Mathematics and Modern Software

November 16, 2018

The lie I told myself coming out my undergraduate education (and the lie I often hear a bunch of other people saying) is that programming doesn’t really have anything to do with mathematics. They just seemed so weakly connected. Why did I have to take three quarters of calculus when discrete mathematics was going to be the only mathematics course that seemed remotely applicable to programming?

Modern software products are built on libraries and frameworks that handle most of the mathematics. This is why web programming is so approachable. It’s not an easy problem to determine how packets should get transmitted over a wire to server a web page, or how to programmatically modify the compilation of a program — but that’s rarely required to build a modern technology product.

In 2016 one of my mentors at Coursera told me to solve a single problem: reduce the error rate of our Javascript applications. We were simply letting too many things break.

I started by trying to promote TDD. That didn’t work too well because once the pressure of deadlines was inserted into a project by a blissfully ignorant product manager, the incentive to write tested code would just magically disappear.

I tried the approach of promoting ratcheting up test coverage over time by encouraging a test coverage % to go up on a code package and never allowing it to drop unless there were extenuating circumstances. While this worked, engineers were extremely unhappy and started to increase test coverage in the least effective areas (but un-surprisingly were the easiest to test)

It wasn’t until the product organization pulled on some enterprise customers and the company was contractually obligated to 99.95% uptime that teams started to build in time for effective test writing. (I think this is actually a great strategy, but I also think not all companies have to enforce uptime in contract to work towards lowering error rate)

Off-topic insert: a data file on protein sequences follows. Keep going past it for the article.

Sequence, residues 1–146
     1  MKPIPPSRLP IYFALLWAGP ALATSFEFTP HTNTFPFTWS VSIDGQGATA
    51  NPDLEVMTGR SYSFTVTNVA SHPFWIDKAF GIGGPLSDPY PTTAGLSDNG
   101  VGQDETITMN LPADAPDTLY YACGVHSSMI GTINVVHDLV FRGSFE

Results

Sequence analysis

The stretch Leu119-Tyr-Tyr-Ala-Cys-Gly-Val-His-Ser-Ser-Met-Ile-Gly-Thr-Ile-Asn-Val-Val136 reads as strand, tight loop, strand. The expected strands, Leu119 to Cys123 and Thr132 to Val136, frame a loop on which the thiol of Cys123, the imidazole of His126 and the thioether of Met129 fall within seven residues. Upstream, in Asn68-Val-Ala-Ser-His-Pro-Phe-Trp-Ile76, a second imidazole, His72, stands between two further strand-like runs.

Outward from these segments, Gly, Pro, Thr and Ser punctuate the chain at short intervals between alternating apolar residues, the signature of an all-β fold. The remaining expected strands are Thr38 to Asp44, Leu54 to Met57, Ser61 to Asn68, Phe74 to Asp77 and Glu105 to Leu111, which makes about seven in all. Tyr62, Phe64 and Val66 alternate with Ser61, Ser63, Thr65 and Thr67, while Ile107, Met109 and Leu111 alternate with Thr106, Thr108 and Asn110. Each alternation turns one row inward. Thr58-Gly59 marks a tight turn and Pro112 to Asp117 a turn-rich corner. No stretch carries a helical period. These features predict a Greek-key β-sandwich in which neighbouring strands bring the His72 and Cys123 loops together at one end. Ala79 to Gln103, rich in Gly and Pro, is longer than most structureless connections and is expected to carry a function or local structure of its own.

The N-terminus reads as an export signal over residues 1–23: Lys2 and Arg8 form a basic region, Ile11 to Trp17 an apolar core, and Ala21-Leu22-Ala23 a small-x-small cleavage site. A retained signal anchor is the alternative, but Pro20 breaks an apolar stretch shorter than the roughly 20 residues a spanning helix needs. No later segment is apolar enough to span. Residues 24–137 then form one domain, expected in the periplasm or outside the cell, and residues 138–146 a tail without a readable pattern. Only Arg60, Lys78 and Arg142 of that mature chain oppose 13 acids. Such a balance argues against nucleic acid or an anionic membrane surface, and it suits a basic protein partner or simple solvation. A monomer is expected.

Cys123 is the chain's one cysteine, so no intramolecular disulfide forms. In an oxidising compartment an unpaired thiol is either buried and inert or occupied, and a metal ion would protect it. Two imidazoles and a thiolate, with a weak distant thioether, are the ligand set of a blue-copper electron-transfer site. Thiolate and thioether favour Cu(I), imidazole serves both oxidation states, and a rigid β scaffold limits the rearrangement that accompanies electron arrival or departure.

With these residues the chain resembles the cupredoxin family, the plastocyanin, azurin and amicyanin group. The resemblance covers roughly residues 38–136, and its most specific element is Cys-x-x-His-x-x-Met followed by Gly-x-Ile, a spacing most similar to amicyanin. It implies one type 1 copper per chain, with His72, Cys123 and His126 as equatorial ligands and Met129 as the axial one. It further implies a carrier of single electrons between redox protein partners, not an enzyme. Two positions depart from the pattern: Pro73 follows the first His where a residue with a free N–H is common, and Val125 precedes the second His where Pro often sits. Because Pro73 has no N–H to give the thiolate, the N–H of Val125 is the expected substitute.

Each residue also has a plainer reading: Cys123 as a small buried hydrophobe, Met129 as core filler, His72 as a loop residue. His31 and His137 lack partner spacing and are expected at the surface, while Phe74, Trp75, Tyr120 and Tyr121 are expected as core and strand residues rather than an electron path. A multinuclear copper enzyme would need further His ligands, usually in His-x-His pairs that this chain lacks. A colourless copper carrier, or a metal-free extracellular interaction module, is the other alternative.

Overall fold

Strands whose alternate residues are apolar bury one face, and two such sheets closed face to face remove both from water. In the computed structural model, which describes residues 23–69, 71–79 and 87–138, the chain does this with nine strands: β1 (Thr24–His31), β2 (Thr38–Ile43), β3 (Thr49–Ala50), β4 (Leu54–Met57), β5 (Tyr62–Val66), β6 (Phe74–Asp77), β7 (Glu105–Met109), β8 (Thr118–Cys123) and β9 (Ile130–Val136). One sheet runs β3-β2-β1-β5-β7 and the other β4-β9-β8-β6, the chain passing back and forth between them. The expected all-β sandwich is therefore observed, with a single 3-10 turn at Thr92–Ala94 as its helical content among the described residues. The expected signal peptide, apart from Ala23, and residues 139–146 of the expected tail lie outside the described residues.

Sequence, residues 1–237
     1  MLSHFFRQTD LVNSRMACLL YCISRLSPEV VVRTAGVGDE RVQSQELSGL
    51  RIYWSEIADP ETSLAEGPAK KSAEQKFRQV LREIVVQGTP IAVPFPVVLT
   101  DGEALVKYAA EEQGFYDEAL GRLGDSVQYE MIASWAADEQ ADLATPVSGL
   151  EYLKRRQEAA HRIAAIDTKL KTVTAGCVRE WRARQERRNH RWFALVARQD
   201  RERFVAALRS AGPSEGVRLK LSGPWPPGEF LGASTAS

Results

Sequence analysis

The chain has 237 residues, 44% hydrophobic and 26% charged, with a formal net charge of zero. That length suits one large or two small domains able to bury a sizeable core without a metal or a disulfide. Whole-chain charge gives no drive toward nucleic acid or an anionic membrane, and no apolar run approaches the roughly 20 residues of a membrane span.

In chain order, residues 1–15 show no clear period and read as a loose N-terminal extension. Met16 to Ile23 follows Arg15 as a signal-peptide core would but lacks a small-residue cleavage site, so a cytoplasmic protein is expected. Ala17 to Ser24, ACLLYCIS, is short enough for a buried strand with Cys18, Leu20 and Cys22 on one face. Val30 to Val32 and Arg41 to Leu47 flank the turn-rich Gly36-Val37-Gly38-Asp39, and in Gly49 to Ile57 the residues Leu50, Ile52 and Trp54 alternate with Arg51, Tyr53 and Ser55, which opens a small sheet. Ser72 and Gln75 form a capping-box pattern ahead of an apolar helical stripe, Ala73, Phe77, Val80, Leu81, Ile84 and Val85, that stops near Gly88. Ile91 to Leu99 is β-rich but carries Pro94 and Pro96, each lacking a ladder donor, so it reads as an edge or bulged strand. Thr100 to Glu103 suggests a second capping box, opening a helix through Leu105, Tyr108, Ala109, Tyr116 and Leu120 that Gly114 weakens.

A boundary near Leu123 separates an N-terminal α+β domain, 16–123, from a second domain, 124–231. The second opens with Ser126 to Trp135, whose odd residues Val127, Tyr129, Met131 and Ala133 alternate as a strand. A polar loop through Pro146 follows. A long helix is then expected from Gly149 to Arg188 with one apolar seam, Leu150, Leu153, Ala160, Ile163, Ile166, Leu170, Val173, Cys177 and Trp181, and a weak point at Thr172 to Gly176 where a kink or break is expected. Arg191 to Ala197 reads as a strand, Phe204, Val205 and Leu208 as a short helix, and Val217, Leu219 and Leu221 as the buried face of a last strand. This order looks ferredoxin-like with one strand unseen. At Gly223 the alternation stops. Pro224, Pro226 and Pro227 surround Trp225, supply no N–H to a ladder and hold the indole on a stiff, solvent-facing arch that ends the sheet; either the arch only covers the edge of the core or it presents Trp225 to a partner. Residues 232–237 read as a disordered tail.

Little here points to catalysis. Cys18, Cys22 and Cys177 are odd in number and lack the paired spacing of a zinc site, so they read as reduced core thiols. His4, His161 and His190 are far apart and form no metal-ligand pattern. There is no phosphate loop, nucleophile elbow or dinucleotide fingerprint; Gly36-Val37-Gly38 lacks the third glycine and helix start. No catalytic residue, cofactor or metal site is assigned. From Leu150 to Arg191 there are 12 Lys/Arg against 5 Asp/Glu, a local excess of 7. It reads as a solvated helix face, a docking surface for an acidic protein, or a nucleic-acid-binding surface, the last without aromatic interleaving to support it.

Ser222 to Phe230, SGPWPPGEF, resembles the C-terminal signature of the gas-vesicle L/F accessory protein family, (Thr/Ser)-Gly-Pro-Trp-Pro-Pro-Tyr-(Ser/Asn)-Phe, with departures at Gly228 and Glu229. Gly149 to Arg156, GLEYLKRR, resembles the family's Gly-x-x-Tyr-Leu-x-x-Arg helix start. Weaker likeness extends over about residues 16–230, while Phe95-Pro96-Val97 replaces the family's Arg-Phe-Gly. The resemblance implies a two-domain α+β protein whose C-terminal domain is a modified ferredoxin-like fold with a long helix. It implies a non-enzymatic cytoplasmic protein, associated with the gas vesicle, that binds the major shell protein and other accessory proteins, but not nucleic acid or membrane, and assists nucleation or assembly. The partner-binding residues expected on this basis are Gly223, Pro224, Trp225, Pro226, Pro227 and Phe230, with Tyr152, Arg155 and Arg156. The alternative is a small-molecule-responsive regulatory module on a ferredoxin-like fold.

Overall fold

The last thing I tried was promoting static typing – and despite the slow start and the inability to scientifically measure exactly how much effort put into static typing lead to X result, once developers learned the type system, it was clearly something that was inherently understood as “a good thing”. (Ergonomics around type system tools are also incredibly important. Flow from Facebook is an example of a tool that was hard to sell initially because of how unreasonably helpful the output was. It has since come a long way.

In my pursuit of static typing, I’ve gone through a whole phase of re-learning different languages with different type systems: OCaml’s and Haskell’s, to name the prominent ones – and I’m still trying to grasp the extent of their power. One thing that I’ve found a newfound interest in on this journey is mathematics. More specifically the mathematics behind the theory of static type systems and it is all extremely fascinating and I have a new empowerment to build systems that don’t cause consumers distress.

A couple of good talks I watched this month and would highly recommend if you’re debating whether or not you should dive deeper into static typing:

If you have trouble with Haskell notation (which is the most common basis for explaining functional concepts that might seem scary, but really aren’t, like Monads, I highly recommend spending an afternoon and going through Happy Learn Haskell Tutorial.

Written by Lewis Chung. Founder @ ShopWith. Previously: Coursera, Amazon. Writes about technology, products, and life.